Bush’s tax measure, which had support from 12 Democrats in the Senate and 13 in the House, was signed into law in June 2001, not long after Jeffords turned the evenly split Senate into a Democratic one.
Obama’s stimulus package was signed into law in February 2009, soon after he took office. But it took more than a year and plenty of political wrangling to pass Obamacare (March 2010) and Wall Street reform (July 2010). None of those Obama measures had Republican support, but then the Democrats didn’t need it because they started with such large majorities.
And while efforts under Trump to repeal Obamacare have sputtered, and pushes to build a wall on the border with Mexico and pass a huge infrastructure building package have stalled, Republicans do have a target: tax reform, long a priority of Republicans who want lower rates.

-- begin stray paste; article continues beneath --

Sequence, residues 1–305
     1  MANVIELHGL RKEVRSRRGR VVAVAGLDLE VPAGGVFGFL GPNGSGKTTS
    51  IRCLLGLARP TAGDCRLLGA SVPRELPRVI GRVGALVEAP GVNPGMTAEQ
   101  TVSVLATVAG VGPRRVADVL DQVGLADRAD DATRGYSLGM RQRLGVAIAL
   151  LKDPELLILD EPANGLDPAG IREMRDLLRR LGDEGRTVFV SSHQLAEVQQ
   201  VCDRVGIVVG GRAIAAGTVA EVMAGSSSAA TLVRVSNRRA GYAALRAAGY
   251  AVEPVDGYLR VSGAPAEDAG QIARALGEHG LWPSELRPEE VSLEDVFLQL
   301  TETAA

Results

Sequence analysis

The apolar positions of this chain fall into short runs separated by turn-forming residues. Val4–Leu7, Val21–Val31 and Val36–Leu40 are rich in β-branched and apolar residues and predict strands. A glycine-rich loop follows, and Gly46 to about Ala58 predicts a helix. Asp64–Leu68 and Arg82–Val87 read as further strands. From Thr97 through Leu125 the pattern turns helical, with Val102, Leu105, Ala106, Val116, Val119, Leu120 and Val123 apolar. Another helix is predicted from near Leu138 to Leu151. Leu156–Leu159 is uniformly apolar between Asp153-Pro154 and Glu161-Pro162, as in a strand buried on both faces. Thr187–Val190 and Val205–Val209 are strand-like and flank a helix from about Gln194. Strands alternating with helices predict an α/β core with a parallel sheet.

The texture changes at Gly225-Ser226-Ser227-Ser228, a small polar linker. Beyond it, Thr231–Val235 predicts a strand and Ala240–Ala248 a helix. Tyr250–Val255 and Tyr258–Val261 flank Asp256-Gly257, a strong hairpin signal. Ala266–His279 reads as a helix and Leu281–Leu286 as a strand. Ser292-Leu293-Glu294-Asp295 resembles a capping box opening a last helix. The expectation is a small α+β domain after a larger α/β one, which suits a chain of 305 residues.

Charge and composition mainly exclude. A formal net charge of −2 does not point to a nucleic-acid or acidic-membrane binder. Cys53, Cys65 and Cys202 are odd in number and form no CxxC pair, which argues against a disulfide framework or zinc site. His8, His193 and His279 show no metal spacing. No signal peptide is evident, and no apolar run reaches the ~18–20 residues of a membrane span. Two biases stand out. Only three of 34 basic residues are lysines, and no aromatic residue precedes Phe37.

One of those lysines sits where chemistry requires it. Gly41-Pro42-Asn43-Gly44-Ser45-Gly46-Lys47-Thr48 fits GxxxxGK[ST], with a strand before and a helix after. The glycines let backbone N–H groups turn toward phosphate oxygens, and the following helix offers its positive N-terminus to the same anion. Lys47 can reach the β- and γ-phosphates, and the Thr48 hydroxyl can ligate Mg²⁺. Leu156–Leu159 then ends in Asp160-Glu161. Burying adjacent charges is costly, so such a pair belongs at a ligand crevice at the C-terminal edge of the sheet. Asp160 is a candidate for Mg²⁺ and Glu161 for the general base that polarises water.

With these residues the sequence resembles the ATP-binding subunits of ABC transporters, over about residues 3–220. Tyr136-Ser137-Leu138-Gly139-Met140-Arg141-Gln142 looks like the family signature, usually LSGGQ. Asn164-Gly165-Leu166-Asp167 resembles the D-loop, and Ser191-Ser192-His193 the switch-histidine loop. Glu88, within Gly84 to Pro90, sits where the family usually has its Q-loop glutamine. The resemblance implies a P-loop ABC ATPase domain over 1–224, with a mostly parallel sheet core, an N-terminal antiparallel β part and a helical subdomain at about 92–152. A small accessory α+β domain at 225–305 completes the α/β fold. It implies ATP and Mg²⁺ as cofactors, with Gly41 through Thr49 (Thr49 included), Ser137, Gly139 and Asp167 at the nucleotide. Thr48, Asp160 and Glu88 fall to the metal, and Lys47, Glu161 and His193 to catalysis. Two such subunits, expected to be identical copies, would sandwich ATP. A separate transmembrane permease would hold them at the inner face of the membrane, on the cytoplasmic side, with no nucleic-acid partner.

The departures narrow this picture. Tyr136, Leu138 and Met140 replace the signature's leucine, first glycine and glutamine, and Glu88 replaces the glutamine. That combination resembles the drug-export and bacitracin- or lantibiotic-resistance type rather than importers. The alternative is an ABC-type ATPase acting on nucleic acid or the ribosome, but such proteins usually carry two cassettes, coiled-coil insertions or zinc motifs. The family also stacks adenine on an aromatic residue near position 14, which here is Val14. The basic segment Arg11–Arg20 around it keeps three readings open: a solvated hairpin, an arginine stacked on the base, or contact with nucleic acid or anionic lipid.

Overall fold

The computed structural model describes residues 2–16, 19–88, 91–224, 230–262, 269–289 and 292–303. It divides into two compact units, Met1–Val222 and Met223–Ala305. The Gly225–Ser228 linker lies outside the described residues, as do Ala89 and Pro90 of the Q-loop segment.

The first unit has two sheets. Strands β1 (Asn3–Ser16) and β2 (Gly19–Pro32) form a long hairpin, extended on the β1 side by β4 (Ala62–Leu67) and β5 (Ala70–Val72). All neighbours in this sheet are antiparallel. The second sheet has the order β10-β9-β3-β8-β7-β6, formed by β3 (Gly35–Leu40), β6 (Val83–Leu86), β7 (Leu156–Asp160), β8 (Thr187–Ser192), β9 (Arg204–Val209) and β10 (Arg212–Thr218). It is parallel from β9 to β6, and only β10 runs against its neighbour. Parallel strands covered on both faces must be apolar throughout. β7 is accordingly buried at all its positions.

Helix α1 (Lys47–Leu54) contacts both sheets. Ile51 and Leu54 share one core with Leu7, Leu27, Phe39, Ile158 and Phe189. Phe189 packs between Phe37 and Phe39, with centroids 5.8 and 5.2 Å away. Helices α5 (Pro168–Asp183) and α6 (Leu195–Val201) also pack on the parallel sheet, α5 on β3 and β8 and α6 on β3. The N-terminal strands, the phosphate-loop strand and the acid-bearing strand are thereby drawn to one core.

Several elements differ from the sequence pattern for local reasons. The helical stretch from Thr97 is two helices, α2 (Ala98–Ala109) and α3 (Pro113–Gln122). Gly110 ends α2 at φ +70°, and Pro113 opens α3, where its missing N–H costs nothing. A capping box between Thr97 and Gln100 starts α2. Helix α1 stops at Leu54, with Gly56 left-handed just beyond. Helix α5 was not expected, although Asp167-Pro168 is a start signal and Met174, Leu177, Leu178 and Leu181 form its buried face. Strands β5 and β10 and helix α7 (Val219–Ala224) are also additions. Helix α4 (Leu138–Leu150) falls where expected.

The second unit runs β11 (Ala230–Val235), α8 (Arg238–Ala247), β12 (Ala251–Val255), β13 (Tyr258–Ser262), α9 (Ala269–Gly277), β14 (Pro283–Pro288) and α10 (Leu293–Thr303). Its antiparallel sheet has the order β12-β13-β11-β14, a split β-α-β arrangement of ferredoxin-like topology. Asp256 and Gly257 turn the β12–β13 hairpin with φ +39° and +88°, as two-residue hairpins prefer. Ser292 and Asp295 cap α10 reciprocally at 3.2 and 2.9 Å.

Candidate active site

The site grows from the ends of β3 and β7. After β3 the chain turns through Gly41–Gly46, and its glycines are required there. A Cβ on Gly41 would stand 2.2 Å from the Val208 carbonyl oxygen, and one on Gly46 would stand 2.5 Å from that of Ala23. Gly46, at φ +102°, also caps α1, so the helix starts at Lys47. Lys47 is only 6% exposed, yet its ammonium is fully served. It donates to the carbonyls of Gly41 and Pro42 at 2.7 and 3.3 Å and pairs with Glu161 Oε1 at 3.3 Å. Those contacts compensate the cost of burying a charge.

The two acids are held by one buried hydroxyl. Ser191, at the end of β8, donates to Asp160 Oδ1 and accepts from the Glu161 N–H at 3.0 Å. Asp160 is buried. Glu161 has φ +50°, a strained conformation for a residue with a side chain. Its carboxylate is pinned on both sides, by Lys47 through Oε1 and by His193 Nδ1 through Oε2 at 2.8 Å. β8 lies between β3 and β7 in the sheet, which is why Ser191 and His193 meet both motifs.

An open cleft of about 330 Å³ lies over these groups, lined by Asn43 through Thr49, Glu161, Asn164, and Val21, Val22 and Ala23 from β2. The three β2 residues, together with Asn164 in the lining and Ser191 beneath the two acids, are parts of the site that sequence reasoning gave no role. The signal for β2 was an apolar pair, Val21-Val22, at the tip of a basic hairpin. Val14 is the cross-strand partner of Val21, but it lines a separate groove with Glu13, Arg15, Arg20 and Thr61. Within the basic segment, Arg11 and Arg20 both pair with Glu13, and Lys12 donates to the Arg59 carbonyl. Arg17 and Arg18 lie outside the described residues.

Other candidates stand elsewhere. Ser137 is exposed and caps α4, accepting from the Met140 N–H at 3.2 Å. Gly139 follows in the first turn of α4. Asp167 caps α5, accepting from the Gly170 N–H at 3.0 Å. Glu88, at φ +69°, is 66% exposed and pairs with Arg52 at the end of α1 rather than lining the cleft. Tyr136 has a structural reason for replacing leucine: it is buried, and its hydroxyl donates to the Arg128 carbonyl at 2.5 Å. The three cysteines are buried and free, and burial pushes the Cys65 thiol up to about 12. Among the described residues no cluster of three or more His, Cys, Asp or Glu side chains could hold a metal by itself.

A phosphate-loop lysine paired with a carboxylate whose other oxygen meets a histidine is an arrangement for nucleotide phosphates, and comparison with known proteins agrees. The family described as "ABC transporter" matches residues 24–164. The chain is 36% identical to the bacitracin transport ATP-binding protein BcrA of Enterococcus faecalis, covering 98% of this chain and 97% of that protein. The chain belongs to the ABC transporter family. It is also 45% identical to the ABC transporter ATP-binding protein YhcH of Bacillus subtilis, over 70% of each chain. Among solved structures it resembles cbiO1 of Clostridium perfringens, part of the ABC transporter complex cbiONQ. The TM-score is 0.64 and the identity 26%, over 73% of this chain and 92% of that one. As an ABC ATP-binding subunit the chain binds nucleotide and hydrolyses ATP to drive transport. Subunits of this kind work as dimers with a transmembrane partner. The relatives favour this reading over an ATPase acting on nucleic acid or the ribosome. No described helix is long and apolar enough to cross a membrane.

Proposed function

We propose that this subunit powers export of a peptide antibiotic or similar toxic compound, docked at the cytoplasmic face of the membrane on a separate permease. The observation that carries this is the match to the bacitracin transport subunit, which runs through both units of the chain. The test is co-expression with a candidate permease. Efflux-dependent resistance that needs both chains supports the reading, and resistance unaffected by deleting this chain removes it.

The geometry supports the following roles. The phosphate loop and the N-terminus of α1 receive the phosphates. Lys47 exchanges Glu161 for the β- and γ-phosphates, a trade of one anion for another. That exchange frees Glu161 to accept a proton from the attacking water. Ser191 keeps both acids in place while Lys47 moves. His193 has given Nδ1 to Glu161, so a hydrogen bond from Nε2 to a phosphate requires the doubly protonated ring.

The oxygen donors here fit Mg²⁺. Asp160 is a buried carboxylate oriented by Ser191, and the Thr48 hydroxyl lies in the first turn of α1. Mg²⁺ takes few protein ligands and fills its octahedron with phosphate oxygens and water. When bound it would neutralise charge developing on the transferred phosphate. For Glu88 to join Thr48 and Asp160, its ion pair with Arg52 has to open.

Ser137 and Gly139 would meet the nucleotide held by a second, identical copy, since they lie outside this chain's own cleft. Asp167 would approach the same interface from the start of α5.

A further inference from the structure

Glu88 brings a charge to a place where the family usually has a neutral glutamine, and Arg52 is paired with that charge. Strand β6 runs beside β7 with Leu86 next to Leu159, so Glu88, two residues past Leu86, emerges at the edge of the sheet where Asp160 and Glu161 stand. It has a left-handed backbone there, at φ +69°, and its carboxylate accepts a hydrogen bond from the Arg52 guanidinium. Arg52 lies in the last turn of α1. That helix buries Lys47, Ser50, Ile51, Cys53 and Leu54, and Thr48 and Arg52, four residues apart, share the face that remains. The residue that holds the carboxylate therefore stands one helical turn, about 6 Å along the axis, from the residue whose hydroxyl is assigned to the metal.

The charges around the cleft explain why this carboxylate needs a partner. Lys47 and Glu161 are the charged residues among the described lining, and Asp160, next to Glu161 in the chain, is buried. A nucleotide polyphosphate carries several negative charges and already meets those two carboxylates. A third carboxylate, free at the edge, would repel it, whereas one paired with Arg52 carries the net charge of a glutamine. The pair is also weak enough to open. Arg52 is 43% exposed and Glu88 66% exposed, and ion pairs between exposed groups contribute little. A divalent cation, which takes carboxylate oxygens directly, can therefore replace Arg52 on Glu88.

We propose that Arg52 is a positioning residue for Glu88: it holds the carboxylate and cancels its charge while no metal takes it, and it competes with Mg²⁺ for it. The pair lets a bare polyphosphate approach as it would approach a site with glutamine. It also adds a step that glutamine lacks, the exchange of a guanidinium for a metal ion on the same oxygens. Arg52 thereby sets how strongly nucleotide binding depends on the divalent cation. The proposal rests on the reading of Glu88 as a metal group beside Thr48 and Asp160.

The question now is whether Republicans view their losses in Virginia as a message to put aside their concerns with the tax plan to get something done, or distance themselves from Trump and exert their independence. It’s a decision each lawmaker will have to make on their own. But the President’s party almost always loses seats in midterm elections.
According to Gallup, the losses are usually worse – an average of 36 seats! – for an unpopular President whose approval rating is under 50%. Trump’s most recent approval rating are in the 30s in most polls, including CNN’s, which had him at 36% this week.
Even if Republicans can hold the House, their power there could be diminished. And with losses in the midterms so likely, this isn’t about self-preservation, but rather achieving policy objectives and changing the way government works.
That’s why most politicians get in the game in the first place. And time is wasting.